I'm having difficulty translating C code that loops through an array of grades. The C code is as follows:

int A, B, C, D, F;      // declare grade counters
    int i;              // declare loop counter
    int N   ;               // Number of scores to analyze 

    A=0; B=0; C=0; D=0; F=0;    // initialize grade counters

    // Read in test scores into grades array?
                        // N will be equal to the number of grades
                        // assume N = 60

    for (i=0; i<N; i++) {
    if(scores[i] >= 90)
            A = A + 1;
    else if(scores[i] >= 80)
            B = B + 1;  
    else if(scores[i] >= 70)
            C = C + 1;
    else if(scores[i] >= 60)
            D = D + 1;
            F = F + 1;

**Any help is appreciated. What I have so far is this: **


    A: .word 0 #A=0
    B: .word 0 #B=0
    C: .word 0 #C=0
    D: .word 0 #D=0
    F: .word 0 #F=0
    i: .word 0 #i=0
    N: .word 60 #N=0
    scores: .word 0:60 #scores array with 60 integers


    lw $s0, A #$s0=A=0
    lw $s1, B #$s1=B=0
    lw $s2, C #$s2=C=0
    lw $s3, D #$s3=D=0
    lw $s4, F #$s4=F=0
    lw $s5, i #$s5=i=0
    lw $s6, N #$s6=N=60
    lw $t1, 90
    lw $t2, 80
    lw $t3, 70
    lw $t4, 60
    lw $t5, scores

    blt $s5, $s6, if 
    li $v0, 4

    bge $s5($scores), $t1, inc1

inc1:   addi $s0, $s0, 1
    j for 

    bge $s5(scores), $t2, inc2

inc2:   addi $s1, $s1, 1
    j for   

    bge $s5(scores), $t3, inc3

inc3:   addi $s2, $s2, 1
    j for 

    bge $s5(scores), $t4, inc4

inc4:   addi $s3, $s3, 1
    j for       

    addi $s4, $s4, 1
    j exit

1 Year
Discussion Span
Last Post by Schol-R-LEA

You can also set your compiler to use (for gcc) the -S option, which will generate assembly code as the output. Then, you can look at what that does. Other compilers have similar options, depending upon the operating system and such. There are also gcc options to generate mips code on non-mips systems, so you can also add the -march=mipsNN where NN is the version of mips chip you want code for such as mips1, mips2, mips64r2, etc. You can use the -EB option for big-endian code or -EL for little-endian code.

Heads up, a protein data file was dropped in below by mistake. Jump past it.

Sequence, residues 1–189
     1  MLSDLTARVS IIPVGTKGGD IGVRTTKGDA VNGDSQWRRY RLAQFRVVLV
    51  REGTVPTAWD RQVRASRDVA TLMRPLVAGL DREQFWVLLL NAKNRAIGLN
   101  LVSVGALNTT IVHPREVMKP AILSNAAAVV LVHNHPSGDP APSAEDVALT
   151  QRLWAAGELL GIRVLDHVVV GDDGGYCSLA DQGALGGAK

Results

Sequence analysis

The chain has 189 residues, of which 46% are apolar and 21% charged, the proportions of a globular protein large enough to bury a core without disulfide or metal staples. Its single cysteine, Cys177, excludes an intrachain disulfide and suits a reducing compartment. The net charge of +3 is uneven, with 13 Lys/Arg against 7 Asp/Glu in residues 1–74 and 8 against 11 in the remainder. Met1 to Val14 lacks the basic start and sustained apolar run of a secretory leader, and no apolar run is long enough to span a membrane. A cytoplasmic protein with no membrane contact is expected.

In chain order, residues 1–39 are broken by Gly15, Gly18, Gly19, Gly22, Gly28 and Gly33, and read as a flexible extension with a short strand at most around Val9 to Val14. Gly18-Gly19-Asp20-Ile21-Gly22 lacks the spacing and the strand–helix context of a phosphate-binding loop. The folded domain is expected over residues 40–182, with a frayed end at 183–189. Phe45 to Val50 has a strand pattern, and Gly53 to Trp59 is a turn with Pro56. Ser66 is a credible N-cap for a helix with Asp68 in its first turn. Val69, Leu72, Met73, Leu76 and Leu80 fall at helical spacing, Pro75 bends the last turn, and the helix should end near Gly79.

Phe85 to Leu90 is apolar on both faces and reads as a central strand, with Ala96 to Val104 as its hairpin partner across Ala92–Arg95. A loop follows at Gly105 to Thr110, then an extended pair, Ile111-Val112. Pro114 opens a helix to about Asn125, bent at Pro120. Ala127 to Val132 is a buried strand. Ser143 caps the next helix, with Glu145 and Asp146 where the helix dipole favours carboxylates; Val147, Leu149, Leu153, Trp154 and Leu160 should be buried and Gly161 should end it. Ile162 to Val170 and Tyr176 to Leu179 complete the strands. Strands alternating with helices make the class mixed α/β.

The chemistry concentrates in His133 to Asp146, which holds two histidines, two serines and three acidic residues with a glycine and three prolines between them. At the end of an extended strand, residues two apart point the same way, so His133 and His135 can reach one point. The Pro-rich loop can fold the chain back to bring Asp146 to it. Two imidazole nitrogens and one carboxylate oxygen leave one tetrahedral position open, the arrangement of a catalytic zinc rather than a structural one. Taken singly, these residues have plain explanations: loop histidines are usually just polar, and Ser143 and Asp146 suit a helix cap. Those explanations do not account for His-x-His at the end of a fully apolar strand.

@rproffitt and @rubberman: I am assuming the OP is writing this for an assembly language course, in which case the C code is simply given as a guide for hand-coding the assembly program.

@Kunyepa: How is the code misbehaving? Can you post the errors you are getting?

It would help if you could tell us the platform (presumably a MIPS simulator such as SPIM or MARS, though I guess it could be an actual MIPS processor), and what constraints your instructor has given you (e.g., the dreaded "no pseudo-instructions", which can be a serious impediment if you need to use any labels for data addressing). Are you expected to match the algorithm exactly, or is it just a guide which you can discard as long as the result is correct?

On a related note, has you instructor mentioned either a) reversing the loop conditional (e.g., using a decrementing count from x to zero rather than counting up) or b) using a jump table to index a test? Also, has the option of pre-sorting the test (i.e., writing a sorting routine to get the grade values in order, which can simplify the test at the cost of greater overhead overall - it's the kind of thing that can be slower when the data set is small, but speeds things up with a large data set) been brought up? Just a few hints.

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